“Why don’t you stop being so anxious?”
“You’re anxious about that?”
“Why won’t you quit worrying so much?”
Has anyone ever asked you any of these questions?
I’ve been asked all these questions — not all at once, thank goodness — at some point in my life.
Here’s a thought for you: what if there is some truth to these questions?
What if the annoying naysayers were right — or, at least, partially right?
That is, what if all you and I need to do is change our mindset and our mental health issues would disappear?
In the world of mindset research, Stanford professor Carol Dweck is hard to beat. Her 2006 book Mindset: The New Psychology of Success, has sold over one million copies.
In her book, Dweck talks about how she used to believe that you either had talent or you didn’t. You either had the skill to overcome what was troubling you or you didn’t.
But her later work — research to which she has dedicated her life — proved otherwise.
In her research, she discovered the existence of two different mindsets:
1. The fixed mindset
2. The growth mindset
As it would turn out, each mindset had massive implications for how a person approaches the world.
A person with a fixed mindset believes that talent is a trait that you either have or you don’t — that it’s next to impossible to achieve greatness if you weren’t born with the ability to be great.
A growth mindset is completely different. It’s the belief that it’s not inherent ability that makes a person great; it’s what a person does day by day that makes him who he is.
We see the star athletes and assume that they got lucky. The star athletes know that’s simply not true — that it was countless hours of grueling effort that got them where they are.
A person with a growth mindset believes that learning comes from the process — that the process of learning is what matters.
Failure is not viewed as a sign of incompetence but as one step in a journey that will ultimately lead to success.
In fact, Dweck argues, success isn’t even the destination for the person with the growth mindset.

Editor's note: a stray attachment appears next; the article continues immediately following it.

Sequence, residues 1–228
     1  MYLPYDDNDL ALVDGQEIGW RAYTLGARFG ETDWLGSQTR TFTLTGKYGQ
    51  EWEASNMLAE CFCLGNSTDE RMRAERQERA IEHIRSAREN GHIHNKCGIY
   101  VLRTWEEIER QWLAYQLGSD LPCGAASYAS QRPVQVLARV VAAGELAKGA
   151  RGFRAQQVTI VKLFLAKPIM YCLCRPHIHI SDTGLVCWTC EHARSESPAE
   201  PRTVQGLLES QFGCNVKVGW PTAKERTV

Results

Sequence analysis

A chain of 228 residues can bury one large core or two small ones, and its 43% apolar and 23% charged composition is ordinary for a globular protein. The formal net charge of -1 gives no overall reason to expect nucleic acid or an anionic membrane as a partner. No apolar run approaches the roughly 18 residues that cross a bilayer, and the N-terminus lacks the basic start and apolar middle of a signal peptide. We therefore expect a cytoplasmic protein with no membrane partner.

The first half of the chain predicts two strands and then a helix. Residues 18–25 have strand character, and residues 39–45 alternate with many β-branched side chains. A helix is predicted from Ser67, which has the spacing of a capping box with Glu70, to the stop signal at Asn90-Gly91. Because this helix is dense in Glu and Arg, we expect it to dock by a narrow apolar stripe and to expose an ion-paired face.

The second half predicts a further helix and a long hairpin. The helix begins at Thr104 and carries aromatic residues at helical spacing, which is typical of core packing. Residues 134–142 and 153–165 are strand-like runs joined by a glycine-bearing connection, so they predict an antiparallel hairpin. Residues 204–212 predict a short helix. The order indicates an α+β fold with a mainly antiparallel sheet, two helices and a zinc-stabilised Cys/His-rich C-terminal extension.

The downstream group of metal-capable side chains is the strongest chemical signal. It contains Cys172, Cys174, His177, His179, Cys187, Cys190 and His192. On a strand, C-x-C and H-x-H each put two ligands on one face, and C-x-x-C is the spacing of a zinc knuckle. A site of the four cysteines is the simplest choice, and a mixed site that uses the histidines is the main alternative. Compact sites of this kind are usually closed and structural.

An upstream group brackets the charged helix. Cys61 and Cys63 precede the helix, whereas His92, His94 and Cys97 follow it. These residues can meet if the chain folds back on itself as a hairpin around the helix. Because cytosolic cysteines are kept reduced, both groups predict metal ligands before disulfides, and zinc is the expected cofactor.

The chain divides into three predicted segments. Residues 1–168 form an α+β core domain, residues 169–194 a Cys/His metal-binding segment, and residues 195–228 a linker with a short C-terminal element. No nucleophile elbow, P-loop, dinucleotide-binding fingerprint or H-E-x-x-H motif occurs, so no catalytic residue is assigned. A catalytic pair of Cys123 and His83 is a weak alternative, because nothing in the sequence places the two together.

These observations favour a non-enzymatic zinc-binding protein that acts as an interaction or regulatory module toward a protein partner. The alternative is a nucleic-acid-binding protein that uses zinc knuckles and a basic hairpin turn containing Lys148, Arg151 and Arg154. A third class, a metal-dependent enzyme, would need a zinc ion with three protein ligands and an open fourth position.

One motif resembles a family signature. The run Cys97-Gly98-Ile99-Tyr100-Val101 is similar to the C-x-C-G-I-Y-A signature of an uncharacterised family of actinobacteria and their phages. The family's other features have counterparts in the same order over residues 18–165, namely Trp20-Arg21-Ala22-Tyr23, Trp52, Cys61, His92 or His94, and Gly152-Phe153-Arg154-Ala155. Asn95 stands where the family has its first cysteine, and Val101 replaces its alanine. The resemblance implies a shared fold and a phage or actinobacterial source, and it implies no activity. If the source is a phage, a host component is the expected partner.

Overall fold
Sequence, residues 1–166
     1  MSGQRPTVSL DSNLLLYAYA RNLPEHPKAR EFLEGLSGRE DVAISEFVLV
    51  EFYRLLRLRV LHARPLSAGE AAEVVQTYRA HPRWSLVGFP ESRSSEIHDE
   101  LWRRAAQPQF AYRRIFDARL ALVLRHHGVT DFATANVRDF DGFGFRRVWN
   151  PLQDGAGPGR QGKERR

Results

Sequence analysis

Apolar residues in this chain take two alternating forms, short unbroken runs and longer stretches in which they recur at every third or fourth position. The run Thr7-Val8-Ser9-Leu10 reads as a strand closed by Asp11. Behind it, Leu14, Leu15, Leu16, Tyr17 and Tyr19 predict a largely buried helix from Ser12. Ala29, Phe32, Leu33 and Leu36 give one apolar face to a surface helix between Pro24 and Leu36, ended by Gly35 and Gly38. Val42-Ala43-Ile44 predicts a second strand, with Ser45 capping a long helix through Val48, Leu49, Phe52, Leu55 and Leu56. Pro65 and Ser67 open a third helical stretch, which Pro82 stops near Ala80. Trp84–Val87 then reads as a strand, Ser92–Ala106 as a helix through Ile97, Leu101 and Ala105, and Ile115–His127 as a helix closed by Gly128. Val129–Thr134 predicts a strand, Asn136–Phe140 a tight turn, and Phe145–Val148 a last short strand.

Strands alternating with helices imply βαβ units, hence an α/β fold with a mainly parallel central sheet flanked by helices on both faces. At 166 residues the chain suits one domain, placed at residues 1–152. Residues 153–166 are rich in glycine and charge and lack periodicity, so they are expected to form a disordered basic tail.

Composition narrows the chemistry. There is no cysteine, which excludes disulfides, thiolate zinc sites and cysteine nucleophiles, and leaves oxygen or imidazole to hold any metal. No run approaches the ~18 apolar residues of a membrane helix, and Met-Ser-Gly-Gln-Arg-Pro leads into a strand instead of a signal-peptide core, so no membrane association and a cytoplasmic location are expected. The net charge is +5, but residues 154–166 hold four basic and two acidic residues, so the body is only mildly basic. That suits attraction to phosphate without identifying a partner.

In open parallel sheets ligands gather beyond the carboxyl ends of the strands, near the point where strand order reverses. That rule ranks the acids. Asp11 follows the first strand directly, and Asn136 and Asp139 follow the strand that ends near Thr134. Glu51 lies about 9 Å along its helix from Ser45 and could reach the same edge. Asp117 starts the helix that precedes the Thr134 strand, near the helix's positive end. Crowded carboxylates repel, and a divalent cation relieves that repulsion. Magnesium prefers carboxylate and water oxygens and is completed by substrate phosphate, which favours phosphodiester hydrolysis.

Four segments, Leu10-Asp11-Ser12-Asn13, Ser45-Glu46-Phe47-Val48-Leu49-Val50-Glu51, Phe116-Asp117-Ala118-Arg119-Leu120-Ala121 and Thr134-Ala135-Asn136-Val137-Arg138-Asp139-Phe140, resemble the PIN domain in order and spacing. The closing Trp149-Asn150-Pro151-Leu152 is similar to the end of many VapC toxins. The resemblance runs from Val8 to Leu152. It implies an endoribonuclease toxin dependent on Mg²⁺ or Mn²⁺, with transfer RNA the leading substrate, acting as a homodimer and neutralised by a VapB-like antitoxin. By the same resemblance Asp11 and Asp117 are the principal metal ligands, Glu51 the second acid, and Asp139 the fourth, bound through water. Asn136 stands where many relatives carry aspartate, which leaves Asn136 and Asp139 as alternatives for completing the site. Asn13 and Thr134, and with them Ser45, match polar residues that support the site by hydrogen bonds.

It’s the knowledge that a person can learn new skills at any point in life — and that those new skills can lead to an indefinite process of getting better.
So what does this mean for mental health?
I fully admit, applying this idea to mental health issues is risky business.
I’ve worked in the mental health field for a number of years now, and stating that what’s needed to feel better is to change one’s mindset is not a popular idea.
Why can we apply this idea to skill development, like learning to play an instrument or becoming a star athlete, but not to improve our mental health?
I think it goes back to the “medical model,” which is the belief system that having a “mental illness” means that you’re deficient in some way. That you’re sick because you fit into a certain diagnostic category.
Applying the growth mindset to mental health is to adopt a “recovery model,” which is a strengths-based way of viewing mental health issues. It states that people can get better with access to proper resources and the opportunity to develop their skills.
I believe that a big reason there is so much fear and stigma about mental health issues is because we immediately jump to “mental illness” and not “mental wellness.”
With “mental illness,” your fate is sealed. You now have flaws that you must learn to live with.
With “mental wellness,” you have to pause for a second to figure out what that actually means.
Your flaws aren’t the whole story. In fact, they are just one part of what it means to be “you.”
Now, your mental health issues are the raw materials to transform into greatness. They give your life meaning.
They lay out the precise road map for improvement and for finding joy in the process of learning about yourself.
So what? Ideas are worthless if they can’t be implemented. Like anything else in life, making that happen is up to you. And it’s wise to start small.
1. Decide if applying a growth mindset to your mental health might work for you
2. Make a list of the settings, events, and relationships that impact your mental health in a negative way
3. For each item on your list, determine how you could apply a growth mindset, that change is possible — instead of a fixed mindset. that change is hopeless
4. TRY IT OUT!
5. After taking each small action, take a step back from your life and write down what you learned
Did you notice anything? Did you feel different? What worked well, and what didn’t work so well?
6. Report back and yell at me and/or share your victories
If you don’t believe this could work for you, then that’s ok. Disregard it! Move on and find something that will work in your life.
My goal here is not to prove that I’m right but to show that there are many ways of looking at something.
So if you want to give it a chance, go ahead and try the growth mindset on for size.
If it fits, come back and let us know how it went.
For me, the idea that all I needed to do to improve my mental health was to change my mindset — well, it was beyond obnoxious.
But then I tried it.
It wasn’t a panacea. It didn’t cure me of all my issues. But it did make me realize that maybe, just maybe, being “cured” isn’t the point — that “fixing myself” is the wrong way to go about it.
It made me realize that being so sure about how to feel better didn’t actually help me feel better at all.
Thank you for reading!
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Originally published at medium.com